1. Some people like surprises. And what could be a nicer surprise than finding out you've got an extra day on holiday? Alas, we didn't enjoy finding out about ours. Arriving at the airport, we knew that our flight was slightly delayed. No harm there. A little later, we noticed something of a commotion in front of our gate, three hours before the revised take-off time. We ignored it but a little later Clare overheard a man explaining to his wife, who was sitting next to Clare, that there was a problem and that the plane might not land. I made a point of going up to the gate to hear for myself. That's when we got confirmation. The plane was not only en route but was also on time ... and always had been. It had been circling above the airport looking for an opportunity to land. Madrid, in the centre of the desert that is Spain, was experiencing inclement weather. We'd already seen the downpour ourselves arriving at the airport. It happened that the weather was so bad that it wasn't possible to land a plane safely. The staff informed us that the plane had been diverted to Barcelona to refuel and that Head Office would later make a decision on whether it would come back afterwards. The best-case scenario was that it would arrive at 01:00 if it were allowed to return. This was no good to us personally, since we wouldn't be able to retrieve our car until 05:00 at the earliest, making it very unlikely that we'd be back at time for work, especially for Clare's early-morning work commitments, which required her to be suited and booted. The staff were trying their very best to be helpful, especially given that they didn't know anything beyond the information which they were passing back to us. They informed us that we would be given food vouchers for a restaurant, although they didn't know which ones at that moment. In spite of the total innocence of the staff in this matter, some passengers seemingly couldn't resist taking out their frustrations on them with infantile outbursts about wanting a flight rather than a food coupon. The news later came in that the flight wouldn't be returning soon from Barcelona. The latest update was that it would leave at 08:00, and that the airport would arrange overnight accommodation and food. At least, I thought that's what was being said; people seemingly couldn't stop grumbling such that those of us trying to get accurate information could clearly hear it, and the staff members were soon inundated by a queue of people all asking the same questions and getting the same answers. We waited until the end and then spoke to a staff member, who was taken aback at somebody being polite and even said 'Thank you for your kindness!' Things became a little unclear once we'd retraced our steps back to Terminal 4, 20+ minutes away, and, as instructed, had joined the chaotic customer services queue. Nothing was budging there for half an our until finally a woman told people that there was a bus outside to pick us up, and off we headed. Well, not quite all of us. There were people for whom Madrid was a connecting airport who were complaining that they couldn't retrieve their hold luggage. If they'd been listening up top, they'd have heard a gentleman informing everybody that hold luggage couldn't be returned so late at night because of security reasons. We waited at the bus stop without much happening. Business Class passengers were allowed to get on board the bus but for seemingly little benefit; they were sitting down in the dark with nothing happening whilst we were standing. Meanwhile, the sky was flashing, followed by extensive roaring and rumbling. I think we probably all felt better being on the ground than in the air! Eventually, a second bus pulled up and we were allowed to board, after which we were transferred to a hotel. We received coupons for the restaurant whilst we queued and then checked in. The lady doing so stated that there was no news on when the next flight would be but if it were early, then we'd all get wake-up calls. Otherwise, we could pop down casually after breakfast and check to see whether any information had been printed and posted. We could see some posters for a rescheduled flight to Berlin, so the process seemed easy enough. At this point, it was 00:30, with the restaurant closing at 01:00, so we didn't spend long in our room. Our first impressions were very good: There was plenty of food and we weren't slow in finishing it, so soon were back in the room ready to sleep. I woke up at around 6 and headed downstairs to see whether there was any news. The lady who had checked us in hadn't heard of anything. My phone had, though: Oh, crikey. That's a lot longer than we were expecting. Getting to work really wasn't going to be possible today. And there was the problem of our cats; they hadn't had fresh food since Monday morning, when their feeder had discharged the final of its four offerings. They were now going to go without for not only Monday evening but all of Tuesday too. I thought of a solution but it was too early to act upon it. Their regular catsitter, who visits daily when we're on longer breaks, has a key, and so I texted her as soon as I thought it possible to get away with it, which was 07:00 UK time. She's a star, who did an emergency visit and made sure they were well loaded for our return. The breakfast spread was a very generous one, although neither of us was particularly hungry having eaten dinner only a few hours before. The morning then became one of idleness, with us having nothing to do but wait for our bus, which was due at 12:00. I bought an obscenely overpriced book at the airport yesterday evening anf managed to resist the temptation to read it because I didn't want to have to spend another 20€. We got to the airport with no fuss but then hit a roadblock: our flight wasn't mentioned anywhere on the boards. A quick check with a staff member was fruitless, and she recommended we go to customer services. More queuing followed, accompanied by the frustration which always results when there's no movement and you can't understand how everybody being served could possibly need so much time. We finally got through and got some fairly uncomplicated instructions: retread yesterday's steps and at some point your flight will be on the board. This we did and thus it was, although rather unhelpfully it was yesterday's flight details and an indication that it was cancelled. We knew that we were entitled to a food voucher and so set off to find someone who could give us one. The answer to that request was initially no but magically turned to yes within minutes and, eventually, we were able to get the required paperwork. We headed off and ate a fairly standard meal. And now we're sitting near our gate. It's two and a half hours until our flight is due to leave. Let's hope we don't get another bonus day in Madrid.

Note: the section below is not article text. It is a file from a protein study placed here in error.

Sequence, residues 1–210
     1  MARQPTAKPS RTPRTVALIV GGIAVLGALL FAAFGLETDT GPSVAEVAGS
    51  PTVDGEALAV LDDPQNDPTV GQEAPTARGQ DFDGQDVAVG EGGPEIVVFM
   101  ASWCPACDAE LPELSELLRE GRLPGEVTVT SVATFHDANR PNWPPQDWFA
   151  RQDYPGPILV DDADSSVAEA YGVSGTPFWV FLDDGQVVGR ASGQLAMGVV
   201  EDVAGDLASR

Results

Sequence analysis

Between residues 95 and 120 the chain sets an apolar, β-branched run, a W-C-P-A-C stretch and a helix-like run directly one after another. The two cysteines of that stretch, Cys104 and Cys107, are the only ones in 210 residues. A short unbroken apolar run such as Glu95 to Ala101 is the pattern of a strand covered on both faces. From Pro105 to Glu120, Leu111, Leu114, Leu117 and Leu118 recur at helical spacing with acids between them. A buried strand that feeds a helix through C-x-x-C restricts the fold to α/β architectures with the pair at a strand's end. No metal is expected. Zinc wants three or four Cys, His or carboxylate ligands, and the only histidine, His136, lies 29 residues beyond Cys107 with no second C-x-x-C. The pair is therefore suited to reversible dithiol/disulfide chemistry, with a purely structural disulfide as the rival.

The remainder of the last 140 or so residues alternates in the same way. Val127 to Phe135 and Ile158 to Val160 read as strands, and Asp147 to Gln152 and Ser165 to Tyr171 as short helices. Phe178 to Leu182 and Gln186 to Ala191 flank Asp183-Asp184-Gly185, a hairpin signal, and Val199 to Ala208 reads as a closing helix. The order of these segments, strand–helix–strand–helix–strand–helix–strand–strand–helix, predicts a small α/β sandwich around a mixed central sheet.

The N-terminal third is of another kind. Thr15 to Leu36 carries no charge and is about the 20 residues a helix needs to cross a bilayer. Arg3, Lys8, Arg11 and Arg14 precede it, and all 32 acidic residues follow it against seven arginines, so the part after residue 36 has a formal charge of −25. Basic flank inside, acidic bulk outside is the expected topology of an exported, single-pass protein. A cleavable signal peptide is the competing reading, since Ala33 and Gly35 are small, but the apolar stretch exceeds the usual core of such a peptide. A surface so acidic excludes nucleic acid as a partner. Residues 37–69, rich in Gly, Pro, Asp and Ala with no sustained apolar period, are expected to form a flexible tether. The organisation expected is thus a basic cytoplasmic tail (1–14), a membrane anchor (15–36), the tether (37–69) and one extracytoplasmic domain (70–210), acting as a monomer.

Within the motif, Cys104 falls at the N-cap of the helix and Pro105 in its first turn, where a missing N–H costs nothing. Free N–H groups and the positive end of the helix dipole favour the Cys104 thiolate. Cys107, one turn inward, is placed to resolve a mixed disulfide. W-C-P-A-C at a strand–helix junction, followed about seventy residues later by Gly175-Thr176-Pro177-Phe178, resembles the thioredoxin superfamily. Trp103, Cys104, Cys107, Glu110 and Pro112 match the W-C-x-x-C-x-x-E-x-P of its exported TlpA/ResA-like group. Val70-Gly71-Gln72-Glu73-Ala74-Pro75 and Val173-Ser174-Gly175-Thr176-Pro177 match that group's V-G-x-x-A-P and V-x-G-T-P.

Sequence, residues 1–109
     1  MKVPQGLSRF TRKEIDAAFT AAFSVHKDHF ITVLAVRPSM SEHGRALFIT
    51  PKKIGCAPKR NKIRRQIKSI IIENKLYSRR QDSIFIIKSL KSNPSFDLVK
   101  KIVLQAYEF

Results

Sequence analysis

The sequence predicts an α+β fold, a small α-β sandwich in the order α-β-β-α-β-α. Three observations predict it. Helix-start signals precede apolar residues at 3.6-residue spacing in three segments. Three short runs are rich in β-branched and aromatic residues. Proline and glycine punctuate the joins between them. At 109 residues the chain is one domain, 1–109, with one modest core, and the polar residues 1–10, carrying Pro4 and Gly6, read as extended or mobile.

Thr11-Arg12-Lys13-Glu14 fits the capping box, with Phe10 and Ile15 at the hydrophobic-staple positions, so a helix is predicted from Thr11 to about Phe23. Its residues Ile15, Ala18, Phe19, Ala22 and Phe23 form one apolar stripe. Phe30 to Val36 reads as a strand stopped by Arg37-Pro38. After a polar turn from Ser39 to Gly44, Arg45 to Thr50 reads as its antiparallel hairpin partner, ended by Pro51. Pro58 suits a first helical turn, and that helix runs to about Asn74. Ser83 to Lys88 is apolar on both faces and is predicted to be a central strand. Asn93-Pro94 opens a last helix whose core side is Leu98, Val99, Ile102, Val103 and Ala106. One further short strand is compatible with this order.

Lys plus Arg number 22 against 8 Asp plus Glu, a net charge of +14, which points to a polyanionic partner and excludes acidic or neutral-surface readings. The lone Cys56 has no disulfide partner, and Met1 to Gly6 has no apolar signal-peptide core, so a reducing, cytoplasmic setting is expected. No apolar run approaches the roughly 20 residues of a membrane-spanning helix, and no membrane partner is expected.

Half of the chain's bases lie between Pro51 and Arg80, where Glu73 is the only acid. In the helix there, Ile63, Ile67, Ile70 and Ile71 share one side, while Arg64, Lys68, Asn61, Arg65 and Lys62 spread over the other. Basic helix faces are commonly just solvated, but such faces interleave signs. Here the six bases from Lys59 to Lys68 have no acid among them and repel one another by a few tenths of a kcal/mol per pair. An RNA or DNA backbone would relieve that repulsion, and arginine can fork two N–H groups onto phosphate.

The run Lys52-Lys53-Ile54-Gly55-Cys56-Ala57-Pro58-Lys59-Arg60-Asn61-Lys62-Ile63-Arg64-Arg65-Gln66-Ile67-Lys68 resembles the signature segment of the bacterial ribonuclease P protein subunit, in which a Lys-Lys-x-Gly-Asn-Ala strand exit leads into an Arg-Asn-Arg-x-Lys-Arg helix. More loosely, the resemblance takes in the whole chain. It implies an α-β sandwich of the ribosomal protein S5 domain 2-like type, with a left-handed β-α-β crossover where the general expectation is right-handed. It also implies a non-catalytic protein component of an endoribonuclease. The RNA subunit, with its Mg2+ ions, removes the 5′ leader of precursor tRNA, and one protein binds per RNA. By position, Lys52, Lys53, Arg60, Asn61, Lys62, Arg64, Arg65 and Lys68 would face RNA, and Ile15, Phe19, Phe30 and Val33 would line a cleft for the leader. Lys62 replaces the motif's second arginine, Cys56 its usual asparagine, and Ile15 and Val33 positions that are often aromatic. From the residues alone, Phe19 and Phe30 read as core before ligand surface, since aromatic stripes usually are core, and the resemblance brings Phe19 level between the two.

2. The weather forecast had warned that there could be storms today and sure enough, when we opened our curtains in Segovia this morning, things looked rather grey and damp. We got slightly wet on our walk from the hotel to the bus station, where we were due to catch a 10.15 bus to the town of Ávila. Ávila is only about 40 miles southwest of Segovia but the two towns aren't connected by rail, so when we were doing our research it seemed that to get to one from the other by train it was necessary to go via Madrid. There are only a handful of buses between the two towns, so we'd booked tickets in advance on the only bus which was leaving Segovia for Ávila this morning. We arrived at the bus station ready to fight our way onto the bus, but it actually turned out to not be a very popular route and the bus was almost empty I guess that's why they don't run very frequently! It's not a very long journey, and within an hour we were stepping off the bus in Ávila. I'd hoped that when we got to Ávila it would be fairly obvious in which direction the historic town centre was, but there turned out not be many signs so we walked in the wrong direction initially and had to resort to Google Maps to get back on track. We knew we were finally in the right place when we got our first glimpse of the town walls. Ávila is a world heritage site, because it has a complete set of medieval town walls, built between the 11th and 14th centuries. It's also home to a lot of beautiful churches, including the basilica of San Vicente. The walls looked incredible and reminded me a little bit of Carcassonne. I knew it was possible to walk around about half of the walls, but initially we struggled to find the way in. Eventually we located the tourist information office, where we picked up a map. There were also some impressive models there, both of the walls... ...and the cathedral. We realised that the walls are illuminated at night as well, which must be spectacular to see. Maybe on a future holiday we'll have to come and stay overnight in Ávila! With the help of the map, we walked alongside the walls for a while and managed to find the ticket office. It only cost €5 each to get in. The entrance to the walls was close to the cathedral and once we'd climbed up into the open we had some amazing views of it The cathedral was built partly as a fortress and its apse forms one of the turrets in the walls. Our route led away from the cathedral and we could soon see down towards the basilica. Once you were up on the walls the path was pretty flat, but every so often there were little staircases you could climb up for better views. They were usually worth the effort! We could see for a long way out over the countryside... ...and towards a rather strangely shaped church in the distance. There were other people on the walls, but it was nowhere near as busy as walking around the walls of Dubrovnik! I guess it helps that Ávila is a long way from the sea We were able to walk for about an hour before the accessible part of the walls came to an end. In the distance we could see the walls continuing around the far side of the town. If you were able to walk the entire way round I think it would be several miles! I'd expected Ávila to be quite small, but the town within the walls is actually pretty large. Eventually we'd got as far as we could go and it was time to climb down. We walked along some pretty streets in the old town... ...before coming to a square where there were several restaurants. We chose one which had a menu of the day for €14. This include a starter, main course and pudding, as well as bread and a glass of wine. I had pasta bolognese as my starter, while Tim chose a caesar salad. For the main course, Tim had croquetas caseras, which seemed to consist of melted cheese with potato, while I had fingers de pollo, which were like chicken goujons. Pudding was chocolate mousse. The consistency was a bit like Angel Delight which has been made with too much milk to set, but it actually tasted really nice It was a lovely meal and seemed like really good value for the amount of food we had! Once we'd finished eating, it was time to head in the direction of the train station to begin our journey back to Madrid. When we were booking our train back from Ávila to Madrid, we'd had a choice of two different trains. One would have got us to the airport too early - over three hours before our flight was due to depart - and the other would have got us there with just under two hours. I deliberated over the options for a while, but in the end we decided to play it safe and book the earlier train, which left Ávila at 15.47. The trains between Ávila and Madrid aren't quite as fast as the high speed trains between Madrid and Segovia, and so it was a fairly leisurely train journey. We arrived into Madrid's Príncipe Pío station around 17.30. The plan was that from here we would catch the suburban C1 train directly to Terminal 4 of the airport. This was the same train which we had caught to Madrid Chamartín on Saturday, but a slightly longer journey, because the Príncipe Pío station which the Ávila trains arrive into is situated further south in Madrid. Príncipe Pío turned out to be a rather confusing station and we walked around for a while before finding the correct platform for the suburban trains. Things were confused further by the fact that both C1 and C10 trains seemed to depart from this platform, with only C1 trains going as far as the airport, but eventually a C1 train was advertised as being the next train on the departures board. The only problem was that its destination wasn't shown as being the airport, but a station called Delicias, which was only a couple of stops along the route. We figured that maybe this was a C1 train that was terminating early for some reason, but decided to get on it anyway and change at Delicias if need be. We sat on the train and within a few minutes we had arrived at Delicias. The train did indeed terminate there and we had to get off. We progressed from being slightly confused to extremely confused when we walked along the platform and found that the entire station seemed to be out of service, with no trains running towards the airport at all. Eventually, with the help of Tim speaking to a staff member in Spanish, we managed to establish that there were repair works on the line and therefore the C1 wasn't running between this station and Chamartín. In order to get to the airport, we therefore needed to catch a bus from Delicias to Madrid's Atocha railway station, another suburban train from Atocha to Chamartín, and then rejoin the C1 from Chamartín to the airport. Wow At this point I was extremely glad that we'd decided to hedge our bets and catch the earlier train back from Ávila. It was pouring with rain in Madrid by this point, but luckily the bus stop we needed wasn't too far away from the station and we managed to get on the correct bus almost straight away. The tickets we'd bought for the C1 journey worked on the bus, which was good, but once we got to Atocha and tried to get through the gates to catch the train to Chamartín, we found that they were no longer functioning. Tim spoke to yet another staff member in Spanish, who explained that they had expired. He wasn't able to do anything about it and said that we'd need to go to an official desk. We found the desk but there was an extremely long line of people, so in the interests of actually getting to the airport we decided it would be better just to buy another ticket! €6 and two more trains later, we eventually made it to Terminal 4... only to find that once we'd checked in and gone through security, we had to catch yet another train from Terminal 4 to Terminal 4S where our (delayed!!) flight was departing from. All in the all it hasn't been the easiest journey home, but that shouldn't take away from the fact that we've had a really nice relaxing weekend in Spain and visited some beautiful places